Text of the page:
1. Mobile Architecture’s New Radical Homes
There’s more to mobile housing units than the trailer category. As design writer Rebecca Roke notes in her new book “Mobitecture: Architecture on the Move” (published by Phaidon), everything from floating cabins to trampoline tents now exist—thanks to entirely inspiring developments. From suspended works like Dom’Up, by Bruno de Grunne and Nicolas d’Ursel (pictured here) to huts on wheels by Olson Kundig, these abodes remind one of the sometimes mobile nature of life—and the beauty of the outside world.
2. Japan’s Cute Space Camera Drone
Japan’s remote-controlled Internal Ball Camera (aka Int-Ball) is a camera drone that resides on the International Space Station—floating around taking footage that can be read in real time. Created completely with 3D printing, 2.2l-pound Int-Ball uses drone technology and has plenty of smarts, but is also extremely cute. The black and white ball has big glowing blue eyes, and (as The Verge accurately puts it) “looks like something straight from Pixar.” See more at The Verge.
3. Disney’s Immersive Star Wars Hotel
Disney has announced that—along with the Star Wars-themed “Galaxy’s Edge” areas of their theme parks—they will be opening an immersive Star Wars hotel in Orlando, expected to open in 2019. Not only will guests dress up in themed clothing, but also every window in the hotel will have a view of a galaxy far, far away. There will be aliens galore, and surely plenty of adventure. Read more at Engadget.
4. 22 Animators Create One Trailer
For anybody who watches Adult Swim’s “Rick and Morty,” the fact that the most recent trailer for the show is bonkers should come as no surprise. Some 22 artists contributed to the video, which is a “fantastic collaborative cocktail of animation techniques” that’s directed by Matt Taylor. Crafted by the likes of Bendik Kaltenborn, Greg Sharp, Hombre McSteez, Scorpion Dagger and more, it’s a trailer that will have you anticipating the series’ return—and maybe feeling like you’re on an acid trip.
5. Advancing the Ancient Lettering of the New York Times Nameplate
Even before the Gutenberg printing press, Gothic (also known as Blackletter) was a well-known letterform—with roots dating back to the 700s. Gutenberg would make it the first-ever font. And, centuries later, Henry Jarvis Raymond would use it in the nameplate of his newspaper the New-York Daily Times, today known as the New York Times. Since the paper’s inception, the nameplate’s received many tweaks—from dropping the hyphen and then the period to embellishing portions of individual letters. There’s an extensive and fascinating history that’s led to the nameplate of today. More information and plenty of images are available over at the Times.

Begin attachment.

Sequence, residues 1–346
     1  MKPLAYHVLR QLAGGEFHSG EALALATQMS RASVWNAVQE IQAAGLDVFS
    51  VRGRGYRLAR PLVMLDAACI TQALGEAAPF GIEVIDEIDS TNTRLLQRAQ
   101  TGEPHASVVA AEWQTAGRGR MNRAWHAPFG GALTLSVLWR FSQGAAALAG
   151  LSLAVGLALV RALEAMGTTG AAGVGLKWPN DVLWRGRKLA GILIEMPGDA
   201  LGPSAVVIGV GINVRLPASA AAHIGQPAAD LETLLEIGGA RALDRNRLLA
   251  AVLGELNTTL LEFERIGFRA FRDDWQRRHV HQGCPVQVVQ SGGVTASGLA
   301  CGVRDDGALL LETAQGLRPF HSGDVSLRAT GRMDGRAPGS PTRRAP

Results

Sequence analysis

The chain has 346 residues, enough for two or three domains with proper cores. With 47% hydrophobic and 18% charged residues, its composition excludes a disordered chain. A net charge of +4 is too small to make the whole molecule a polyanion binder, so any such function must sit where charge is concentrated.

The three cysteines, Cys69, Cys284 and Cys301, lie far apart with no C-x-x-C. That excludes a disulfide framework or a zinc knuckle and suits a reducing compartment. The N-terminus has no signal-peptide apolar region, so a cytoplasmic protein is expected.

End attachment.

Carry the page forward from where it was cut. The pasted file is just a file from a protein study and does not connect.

6. New Study Claims T-Rex Couldn’t Run
Forget everything “Jurassic Park” taught you: Tyrannosaurus Rex couldn’t actually run. Using a computer simulation, scientists at University of Manchester have calculated that the large theropod probably got to top speeds of 20km per hour—thanks to its build. In fact, “had it moved from a brisk walk to a sprint, the dinosaur’s legs would have snapped under the weight of its body.” This also means that as they aged, T-Rex would probably get slower and slower—affecting its hunting tactics. Read more at the BBC.
7. Art Can Help With Wellness
According to a British all-party inquiry, it’s evident that involvement in the arts can “keep people well, aid recovery from illness, help people live longer, better lives and save money in health and social services.” With case studies and research gathered over two years, the study focused on people suffering from all kinds of ailments (from depression to recovering from a stroke) who undertook various art classes over an eight-week period. The results were impressive: “A cost-benefit analysis showed a 37% drop in GP consultation rates and a 27% reduction in hospital admissions,” according to The Guardian, where you can find out more.
8. Thirza Schaap’s Plastic Ocean Photographs
Creating art that furthers awareness of ocean pollution, Dutch photographer Thirza Schaap collects trash from Clifton Beach, Cape Town and makes something quite pretty from it. Arranging various items (from straws to flip-flops) into sculptures, she then photographs the strange works of art, and the results are delicate-looking, pastel beauties. Schaap says it’s frightening how much waste washes up on the beach. “I love the faded colors so much… But there’s a contradiction between the attraction and repulsion,” she says. “It made me realize what we’ve done.” Read more about the series at i-D.
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